The world wars, particularly WW2, became leitmotifs for Leave campaigners. It need not have been so, writes Richard Grayson (Goldsmiths, University of London).
Today, on the day we leave the EU, I am Schrödinger’s European. As a citizen of the United Kingdom AND the Republic of Ireland, I am both leaving and not leaving the European Union. But it is the former part of that dichotomy that is obviously most on my mind today. It is making me think about how this moment fits in Britain’s history, but more than that it is causing me sadness.
As a professor of 20th century history, I spend much of my time thinking about the conflicts of that century, especially my main specialism, the first world war. On an emotional level, the second world war affects me even more through the formative stories I soaked up as a child. As someone who is 50 years old, who grew up in the UK at a time closer to the war than to now, that war was ever-present in popular culture in the things I watched on TV and the toys I played with. I was always especially gripped and influenced by stories of the French resistance and Belgian evasion lines, and with the heroism of the Dutch people who hid Jews. My maternal grandfather (strictly step-grandfather, but I knew him as just ‘Grandad’) was RAF groundcrew during the war at Northolt and worked with Polish aircrew. As I have studied the first world war professionally, I encounter daily what Britain’s connection with France and Belgium meant to those who fought, and that collaboration, renewed again in 1939, is something that inspires me emotionally.
The lesson I have always drawn from all of that history, including the story of Britain apparently ‘standing alone’ in 1940, was that Britain was always at its best when working with European allies. Britain never stood alone even in its ‘finest hour’. Famously, the Poles of 303 Squadron were the highest scoring Hurricane squadron of the Battle of Britain. Emotionally, I cheer at the fact that Churchill’s response to the imminent collapse of France was to offer an ‘indissoluble union’ between the UK and France. Once victory and then peace were secured, it has always seemed to me that it was logical to recognise that some sort of union between allies was the best bulwark against future conflict. Better still, such a union could work best if it involved former enemies. This of course, was something that the France, Belgium, the Netherlands and Luxembourg came to realise before Britain, and their triumph was to draw in former enemies from the very first. For all the reasons that made Britain become involved on the continent in 1914 and 1939, it was inevitable that Britain would become involved in some kind of pooling of sovereignty with continental Europe. ‘We’ in Britain are a European nation and not only 1914 and 1939, but a thousand years of previous history and longer, should tell us that.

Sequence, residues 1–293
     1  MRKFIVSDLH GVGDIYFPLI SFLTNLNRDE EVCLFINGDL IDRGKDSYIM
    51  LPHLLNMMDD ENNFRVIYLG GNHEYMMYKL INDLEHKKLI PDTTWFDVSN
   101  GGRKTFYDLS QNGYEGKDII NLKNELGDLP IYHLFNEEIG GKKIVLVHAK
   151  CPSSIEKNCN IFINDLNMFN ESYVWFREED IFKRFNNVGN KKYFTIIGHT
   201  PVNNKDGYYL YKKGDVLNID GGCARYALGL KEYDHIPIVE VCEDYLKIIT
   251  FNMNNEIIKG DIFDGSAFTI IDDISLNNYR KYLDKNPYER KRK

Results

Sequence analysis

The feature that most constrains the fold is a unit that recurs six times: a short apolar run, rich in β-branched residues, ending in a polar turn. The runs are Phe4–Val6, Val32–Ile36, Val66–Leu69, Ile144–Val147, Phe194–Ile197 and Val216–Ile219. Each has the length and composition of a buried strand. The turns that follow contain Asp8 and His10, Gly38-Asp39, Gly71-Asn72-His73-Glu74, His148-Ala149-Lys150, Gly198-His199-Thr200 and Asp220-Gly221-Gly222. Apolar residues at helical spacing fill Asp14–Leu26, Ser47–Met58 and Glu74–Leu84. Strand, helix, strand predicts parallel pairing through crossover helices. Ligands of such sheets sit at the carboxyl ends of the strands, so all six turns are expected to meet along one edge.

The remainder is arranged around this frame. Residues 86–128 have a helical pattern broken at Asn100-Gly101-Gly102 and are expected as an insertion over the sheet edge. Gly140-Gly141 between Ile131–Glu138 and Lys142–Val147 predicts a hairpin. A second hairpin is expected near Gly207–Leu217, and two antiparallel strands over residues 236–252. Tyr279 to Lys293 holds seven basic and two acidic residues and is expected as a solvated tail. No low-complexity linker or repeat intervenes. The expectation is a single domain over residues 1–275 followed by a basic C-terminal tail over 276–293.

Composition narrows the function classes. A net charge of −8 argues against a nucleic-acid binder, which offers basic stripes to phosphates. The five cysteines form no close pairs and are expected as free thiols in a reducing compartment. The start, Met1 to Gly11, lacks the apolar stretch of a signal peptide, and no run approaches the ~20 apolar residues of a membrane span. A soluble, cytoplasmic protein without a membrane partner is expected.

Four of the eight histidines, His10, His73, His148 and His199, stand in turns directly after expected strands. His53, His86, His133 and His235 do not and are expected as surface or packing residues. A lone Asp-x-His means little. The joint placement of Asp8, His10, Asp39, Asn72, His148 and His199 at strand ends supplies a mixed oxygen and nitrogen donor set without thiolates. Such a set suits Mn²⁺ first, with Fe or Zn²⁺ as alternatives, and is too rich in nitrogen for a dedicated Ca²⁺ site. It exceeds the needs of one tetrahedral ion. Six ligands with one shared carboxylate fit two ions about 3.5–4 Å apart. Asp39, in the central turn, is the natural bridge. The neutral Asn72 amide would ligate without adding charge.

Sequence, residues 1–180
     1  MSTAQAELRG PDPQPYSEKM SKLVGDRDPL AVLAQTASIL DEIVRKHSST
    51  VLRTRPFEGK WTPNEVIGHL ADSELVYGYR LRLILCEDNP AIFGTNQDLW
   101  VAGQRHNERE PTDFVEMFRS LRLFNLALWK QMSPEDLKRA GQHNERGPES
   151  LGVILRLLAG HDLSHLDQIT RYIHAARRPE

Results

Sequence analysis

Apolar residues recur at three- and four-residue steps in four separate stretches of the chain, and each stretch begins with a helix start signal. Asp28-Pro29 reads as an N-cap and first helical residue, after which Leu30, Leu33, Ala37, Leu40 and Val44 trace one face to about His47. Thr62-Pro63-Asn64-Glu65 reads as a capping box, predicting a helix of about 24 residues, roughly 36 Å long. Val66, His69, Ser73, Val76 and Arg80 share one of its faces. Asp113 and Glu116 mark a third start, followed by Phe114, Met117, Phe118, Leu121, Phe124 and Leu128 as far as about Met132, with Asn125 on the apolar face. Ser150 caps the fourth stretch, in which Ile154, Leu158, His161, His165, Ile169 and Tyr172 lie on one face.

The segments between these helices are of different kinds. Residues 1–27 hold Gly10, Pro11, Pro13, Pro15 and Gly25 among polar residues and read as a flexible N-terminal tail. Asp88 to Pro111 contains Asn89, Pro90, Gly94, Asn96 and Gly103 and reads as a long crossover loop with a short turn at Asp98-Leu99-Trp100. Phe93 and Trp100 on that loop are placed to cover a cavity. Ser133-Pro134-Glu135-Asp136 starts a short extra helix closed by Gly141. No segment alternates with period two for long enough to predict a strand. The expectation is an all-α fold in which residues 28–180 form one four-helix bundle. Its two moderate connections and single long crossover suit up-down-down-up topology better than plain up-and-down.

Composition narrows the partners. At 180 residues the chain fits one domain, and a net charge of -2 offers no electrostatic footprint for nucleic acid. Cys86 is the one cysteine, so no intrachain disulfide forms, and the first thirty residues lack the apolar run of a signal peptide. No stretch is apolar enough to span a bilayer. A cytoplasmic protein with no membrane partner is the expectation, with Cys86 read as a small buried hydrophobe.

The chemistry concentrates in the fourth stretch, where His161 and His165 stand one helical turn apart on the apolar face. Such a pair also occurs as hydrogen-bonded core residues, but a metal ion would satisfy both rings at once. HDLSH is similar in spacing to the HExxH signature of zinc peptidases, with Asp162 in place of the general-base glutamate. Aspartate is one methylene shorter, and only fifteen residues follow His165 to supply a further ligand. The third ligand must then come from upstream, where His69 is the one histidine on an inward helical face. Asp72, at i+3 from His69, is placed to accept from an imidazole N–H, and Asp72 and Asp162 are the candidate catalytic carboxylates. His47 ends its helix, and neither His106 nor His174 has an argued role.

Can and should stories of 1914-18 and 1939-45 influence politics today? Rationally, many of my fellow historians tell me that we are far from those years; that ‘we’ today should not view those alliances of the past as ‘we’ today. I agree with them to a point. When teaching, I always talk about the ‘British army’ and the ‘German army’, never ‘them’ and ‘us’. But the connections Britain forged in those years, and the necessity of befriending former enemies, is something I feel deeply.
Sadly, the Remain campaign never articulated the emotional side of belonging to Europe. Nor has the broad political left (of which I am part), with the exception of ‘Blue Labour’, ever understood in recent years the power of history in informing belonging and locality. Too many metropolitans and cosmopolitans have never understood why someone like me, would both feel European but also feel a particular connection when visiting first world war cemeteries to graves of soldiers from Hertfordshire (where I grew up and live now) and those of the Ulster Division (in which two of my great-uncles served).
Consequently, the left and pro-Europeans have failed at articulating a vision of Europe that was able to speak to people who feel a sense of patriotism and locality but also feel European. Instead, a different version of British history was told and influenced many who voted Leave. That happened because scant attention was paid to how people felt about moments like 1940, thus allowing the right to take hold of the history as a ‘standing alone’ myth, instead of explaining that it really meant we are Europeans – because we were, even then. As a result, today is a sad day for so many of us. It will be a long haul to get back to where we should be, but the journey must start today with telling stories of Britain’s long European history.
This post represents the views of the author and not those of the Brexit blog, nor LSE.